Hard labour cracked in prison

2nd April 1999 at 01:00
YOUNG Greek publisher Victor Papazissis was sharing a jail cell with 10 other political prisoners when he dreamed up a unique way to teach English.

Papazissis, one of thousands of Greek intellectuals tortured and jailed by the military junta in the late Sixties and early Seventies, had no access to the standard primers. Instead, he taught fellow prisoners by highlighting difficult words and phrases in a battered copy of Oscar Wilde's The Happy Prince.

One of his imprisoned colleagues, a general with copperplate handwriting, copied out the text and Papazissis asked his pupils to underline the words they did not know. They all underlined the same ones. The system worked and for the next two years until his release Papazissis taught inmates and was nicknamed the professor.

Now he has just published a series of readers for people with English as a second language, based on his original idea.

The International Learning System was launched on the UK market at the London International Book Fair this month. The books use unabridged, unsimplified original texts by English and American authors, and are annotated and edited by native English speakers who are also experienced ESL teachers.

Difficult words, phrases and idiomatic expressions are highlighted and explained in simple English in the margin. Parts of speech, secondary definitions and pronunciation guides supply additional information. Books in the ILS series explain up to 1,000 words.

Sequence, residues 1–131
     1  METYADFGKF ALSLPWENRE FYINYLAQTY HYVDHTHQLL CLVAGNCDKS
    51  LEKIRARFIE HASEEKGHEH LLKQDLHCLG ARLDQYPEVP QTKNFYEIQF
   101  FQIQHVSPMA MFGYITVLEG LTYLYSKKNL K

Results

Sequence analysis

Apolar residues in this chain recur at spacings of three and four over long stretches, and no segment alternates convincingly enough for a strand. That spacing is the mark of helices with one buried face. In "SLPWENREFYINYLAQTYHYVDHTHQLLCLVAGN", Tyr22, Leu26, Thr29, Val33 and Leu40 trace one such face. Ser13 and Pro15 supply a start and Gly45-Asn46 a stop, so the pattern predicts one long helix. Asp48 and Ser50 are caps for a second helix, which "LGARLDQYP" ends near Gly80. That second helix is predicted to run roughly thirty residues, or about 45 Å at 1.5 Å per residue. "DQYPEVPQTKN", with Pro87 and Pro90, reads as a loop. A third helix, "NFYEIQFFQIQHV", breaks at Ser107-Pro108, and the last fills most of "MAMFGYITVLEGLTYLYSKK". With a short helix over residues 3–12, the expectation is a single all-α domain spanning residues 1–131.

Authors represented include Hemingway, Kipling, F Scott Fitzgerald, Conan Doyle, and Virginia Woolf.

Papazissis, now 61, was jailed in 1969 for five years for belonging to Democratic Defence, a group of left-wing doctors, teachers, lawyers, journalists and publishers formed to fight the rule of the Greek Colonels.

He says: "We published underground newspapers and books and plotted, unsuccessfully, to blow up buildings. But we were amateurs and of course we were caught fairly quickly.

"None of us knew how long we would be in jail - the junta could just keep adding to your sentence if they wished. The jails were full of students, doctors, journalists, court-martialled army officers who had refused to take part in the coup, professionals from all walks of life - and everyone passed the time studying."

The ILS series is available from the Bournemouth English Book Centre, Albion Close, Poole BH12 3LL, tel 01202 715555, at pound;2.99 each

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